We would like to use cookies to ensure we give you the best experience on our website. If you consent to us using cookies, please click on the tick.

No one can make you feel inferior without your consent

01 May 2013

An imaginary dinner party with Eleanor Roosevelt and Helena Kennedy

Sometimes when I find myself in a boring situation, my mind takes flight into the realms of imagination and I indulge in one of my favourite games - fantasy dinner party conversations! This involves me in choosing a couple of people, alive or dead, who I would most like to have dinner with and engage in lively discussion.

One of my ideal pairings would be Eleanor Roosevelt and Helena Kennedy. I have longed admired the former – not least because whenever I feel threatened by someone, I recall one of Eleanor’s famous sayings ‘No one can make you feel inferior without your consent’. In fact, I have been known to quote this to students from my educational charity, the Helena Kennedy Foundation, when one of them has felt overawed by the challenges life has thrown at them – more of that below.

I was never able to meet Eleanor Roosevelt. However I have met – and indeed over the last 15 years have become close personal friends with - the woman who bears the title Baroness Helena Kennedy of the Shaws QC. Helena is a truly formidable and inspirational woman of profound integrity, quick intelligence and deep humanity – much as I imagine was Eleanor Roosevelt. I think they would have got on with each other – and I hope with me too! I fantasize that our conversation over dinner would have been at one and the same time, intense, wide ranging, provocative, and permeated with howls of laughter and good humour.

Eleanor Roosevelt was the longest-serving First Lady of the United States, holding the post from 1933 to 1945 during her husband Franklin D. Roosevelt’s four terms in office. She was controversial for her outspokenness and particularly for her stands on racial issues, her advocacy for expanded roles for women in the workplace, the civil rights of African Americans and Japanese Americans, and the rights of World War II refugees.

Following her husband’s death, she remained active in politics for the rest of her life, pressing the United States to join the United Nations where she became one of its first delegates. She served as the first chair of the UN Commission on Human Rights, and oversaw the drafting of the Universal Declaration of Human Rights. Later she chaired the John F. Kennedy administration’s Presidential Commission on the Status of Women. By the time of her death, she was regarded as one of the most esteemed women in the world and the object of almost universal respect, earning her the sobriquet First Lady of the World from Harry Truman. In 1999, she was ranked in the top ten of Gallup’s List of Most Widely Admired People of the 20th Century.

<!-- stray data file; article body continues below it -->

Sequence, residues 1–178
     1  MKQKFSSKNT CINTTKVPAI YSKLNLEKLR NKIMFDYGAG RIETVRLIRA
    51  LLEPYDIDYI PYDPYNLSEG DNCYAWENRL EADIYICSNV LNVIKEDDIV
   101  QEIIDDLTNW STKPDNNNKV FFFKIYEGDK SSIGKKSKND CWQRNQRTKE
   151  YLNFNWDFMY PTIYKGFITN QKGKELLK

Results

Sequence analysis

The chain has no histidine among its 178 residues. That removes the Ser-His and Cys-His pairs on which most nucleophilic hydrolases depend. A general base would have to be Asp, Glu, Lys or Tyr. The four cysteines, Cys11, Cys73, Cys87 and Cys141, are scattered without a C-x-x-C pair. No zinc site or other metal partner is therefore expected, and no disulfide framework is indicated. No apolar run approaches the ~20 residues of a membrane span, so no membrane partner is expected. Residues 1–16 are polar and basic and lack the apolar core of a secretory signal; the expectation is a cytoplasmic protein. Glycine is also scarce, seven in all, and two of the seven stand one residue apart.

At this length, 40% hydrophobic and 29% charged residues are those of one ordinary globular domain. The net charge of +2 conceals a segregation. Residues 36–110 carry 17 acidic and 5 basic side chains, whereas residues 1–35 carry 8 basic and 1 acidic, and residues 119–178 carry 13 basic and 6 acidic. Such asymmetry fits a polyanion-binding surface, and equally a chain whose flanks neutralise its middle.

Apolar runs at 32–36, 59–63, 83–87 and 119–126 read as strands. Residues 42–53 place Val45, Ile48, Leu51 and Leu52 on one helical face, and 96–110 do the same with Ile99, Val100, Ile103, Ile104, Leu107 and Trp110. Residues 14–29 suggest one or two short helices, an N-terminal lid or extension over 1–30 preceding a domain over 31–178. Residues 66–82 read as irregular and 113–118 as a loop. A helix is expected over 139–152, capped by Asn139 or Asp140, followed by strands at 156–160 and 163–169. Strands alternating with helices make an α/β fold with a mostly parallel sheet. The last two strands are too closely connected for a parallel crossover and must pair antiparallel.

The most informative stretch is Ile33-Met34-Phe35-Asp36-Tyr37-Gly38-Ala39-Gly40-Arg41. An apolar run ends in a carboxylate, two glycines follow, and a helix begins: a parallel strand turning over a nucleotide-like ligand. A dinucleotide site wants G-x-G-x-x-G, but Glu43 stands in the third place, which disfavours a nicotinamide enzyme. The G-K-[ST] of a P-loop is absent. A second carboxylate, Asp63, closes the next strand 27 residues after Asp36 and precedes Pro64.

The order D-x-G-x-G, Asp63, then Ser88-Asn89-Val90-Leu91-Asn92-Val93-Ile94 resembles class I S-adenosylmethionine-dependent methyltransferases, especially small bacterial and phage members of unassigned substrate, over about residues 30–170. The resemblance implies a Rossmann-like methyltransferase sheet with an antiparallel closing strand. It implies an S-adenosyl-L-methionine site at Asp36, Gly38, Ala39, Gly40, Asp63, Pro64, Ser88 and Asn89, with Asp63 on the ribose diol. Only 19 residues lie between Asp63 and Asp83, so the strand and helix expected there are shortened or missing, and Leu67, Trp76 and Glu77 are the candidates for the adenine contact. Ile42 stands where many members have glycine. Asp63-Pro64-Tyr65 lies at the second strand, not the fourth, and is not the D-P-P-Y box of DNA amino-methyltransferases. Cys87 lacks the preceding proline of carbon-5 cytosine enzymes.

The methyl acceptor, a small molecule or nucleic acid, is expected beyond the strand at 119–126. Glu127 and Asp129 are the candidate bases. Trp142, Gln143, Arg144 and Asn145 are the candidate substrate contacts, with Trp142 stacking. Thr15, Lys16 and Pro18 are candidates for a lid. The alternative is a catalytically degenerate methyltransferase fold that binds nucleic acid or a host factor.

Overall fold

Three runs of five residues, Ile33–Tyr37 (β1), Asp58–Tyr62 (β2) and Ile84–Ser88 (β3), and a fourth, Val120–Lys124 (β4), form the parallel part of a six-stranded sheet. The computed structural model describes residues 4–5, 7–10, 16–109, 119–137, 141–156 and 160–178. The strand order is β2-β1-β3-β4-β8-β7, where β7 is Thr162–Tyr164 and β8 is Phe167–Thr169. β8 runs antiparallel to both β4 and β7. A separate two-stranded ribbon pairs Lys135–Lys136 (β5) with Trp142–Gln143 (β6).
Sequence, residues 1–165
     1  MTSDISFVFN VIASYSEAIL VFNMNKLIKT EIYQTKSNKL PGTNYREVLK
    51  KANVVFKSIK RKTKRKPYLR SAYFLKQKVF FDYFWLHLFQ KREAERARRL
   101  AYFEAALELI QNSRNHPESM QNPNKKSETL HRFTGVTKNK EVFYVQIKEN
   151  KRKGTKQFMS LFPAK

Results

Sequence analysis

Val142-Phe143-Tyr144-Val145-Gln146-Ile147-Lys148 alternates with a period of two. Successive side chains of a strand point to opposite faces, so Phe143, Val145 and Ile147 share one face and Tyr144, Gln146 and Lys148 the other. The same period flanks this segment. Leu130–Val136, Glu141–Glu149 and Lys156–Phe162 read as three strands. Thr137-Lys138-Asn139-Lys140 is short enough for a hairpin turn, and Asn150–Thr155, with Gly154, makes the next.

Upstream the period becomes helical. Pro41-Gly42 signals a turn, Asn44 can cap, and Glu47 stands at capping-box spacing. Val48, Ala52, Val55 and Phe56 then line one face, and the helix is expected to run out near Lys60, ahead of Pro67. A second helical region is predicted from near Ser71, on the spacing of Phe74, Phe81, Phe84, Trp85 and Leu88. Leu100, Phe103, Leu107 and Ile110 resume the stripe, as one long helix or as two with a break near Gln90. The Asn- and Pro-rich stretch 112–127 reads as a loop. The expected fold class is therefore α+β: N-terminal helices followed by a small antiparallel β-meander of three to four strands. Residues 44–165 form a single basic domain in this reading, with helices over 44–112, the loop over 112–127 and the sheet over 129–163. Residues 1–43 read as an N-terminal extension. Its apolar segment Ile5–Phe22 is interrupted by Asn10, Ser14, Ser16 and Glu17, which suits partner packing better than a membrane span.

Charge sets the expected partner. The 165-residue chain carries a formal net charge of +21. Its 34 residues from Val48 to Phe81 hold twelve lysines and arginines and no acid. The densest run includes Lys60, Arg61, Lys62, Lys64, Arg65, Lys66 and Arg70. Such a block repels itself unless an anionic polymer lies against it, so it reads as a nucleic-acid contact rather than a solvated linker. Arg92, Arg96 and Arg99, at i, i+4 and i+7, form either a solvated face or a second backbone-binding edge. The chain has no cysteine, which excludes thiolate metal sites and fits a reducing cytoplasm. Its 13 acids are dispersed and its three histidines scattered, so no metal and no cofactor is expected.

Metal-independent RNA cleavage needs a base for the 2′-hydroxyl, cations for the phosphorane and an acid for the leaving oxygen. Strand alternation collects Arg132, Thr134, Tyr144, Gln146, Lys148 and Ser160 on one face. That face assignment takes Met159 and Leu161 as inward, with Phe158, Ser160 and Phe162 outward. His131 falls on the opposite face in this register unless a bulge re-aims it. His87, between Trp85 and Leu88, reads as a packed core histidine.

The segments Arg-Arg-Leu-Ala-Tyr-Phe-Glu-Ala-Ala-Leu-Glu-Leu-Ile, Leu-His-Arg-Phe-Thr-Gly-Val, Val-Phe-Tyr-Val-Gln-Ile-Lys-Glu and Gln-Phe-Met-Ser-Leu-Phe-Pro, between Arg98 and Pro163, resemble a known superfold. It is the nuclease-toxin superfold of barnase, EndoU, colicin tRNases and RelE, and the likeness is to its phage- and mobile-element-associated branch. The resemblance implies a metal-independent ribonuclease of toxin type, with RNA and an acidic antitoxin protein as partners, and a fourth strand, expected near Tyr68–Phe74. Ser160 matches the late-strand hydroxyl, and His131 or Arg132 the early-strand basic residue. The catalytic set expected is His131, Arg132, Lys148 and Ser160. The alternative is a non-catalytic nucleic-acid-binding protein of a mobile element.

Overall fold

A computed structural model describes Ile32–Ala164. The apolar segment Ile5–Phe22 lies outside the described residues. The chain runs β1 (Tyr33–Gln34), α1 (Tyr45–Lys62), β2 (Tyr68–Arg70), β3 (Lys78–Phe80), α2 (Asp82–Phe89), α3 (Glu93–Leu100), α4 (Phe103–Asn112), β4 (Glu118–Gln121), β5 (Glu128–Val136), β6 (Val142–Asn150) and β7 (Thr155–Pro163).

I am not quite sure how Helena Kennedy would be rated in such global league tables but I do know that many people world wide, including me, would eulogise warmly about her generous personality and her gargantuan achievements. Glaswegian, Labour member of the House of Lords, barrister and broadcaster, Helena is currently President of Mansfield College Oxford and former chair of the Human Genetics Commission and the British Council - two of her many high profile national and international roles. Her list of honours and awards in the law, academia, and public life runs to four wiki pages!

What she may not be so well known for is the support she gives voluntarily to the Foundation that is named after her and in recognition of her seminal educational report ‘Learning Works’ published in 1997. The charity, which I founded, with Helena’s consent and support in 1998, www.hkf.org.uk is dedicated to the promotion of social justice and social mobility, achievable if targeted action is taken – in our case the provision of funding and support to help disadvantaged and vulnerable students from further education progress to university and into employment.

Helena recently hosted our annual House of Lords tea for our bursary award winners and their families and tutors. As ever, it was a powerful and moving occasion, with Helena speaking about the importance of education and the transformational power that one person’s belief in another has in helping us to make the very best of our lives - and the Foundation’s students providing living proof of this! As I sat and listened, I couldn’t help but fantasize that had she been in our midst, the ‘blessed’ Eleanor, herself uplifted by the occasion, might well have smiled at our feisty peer, as we did, with pride and admiration.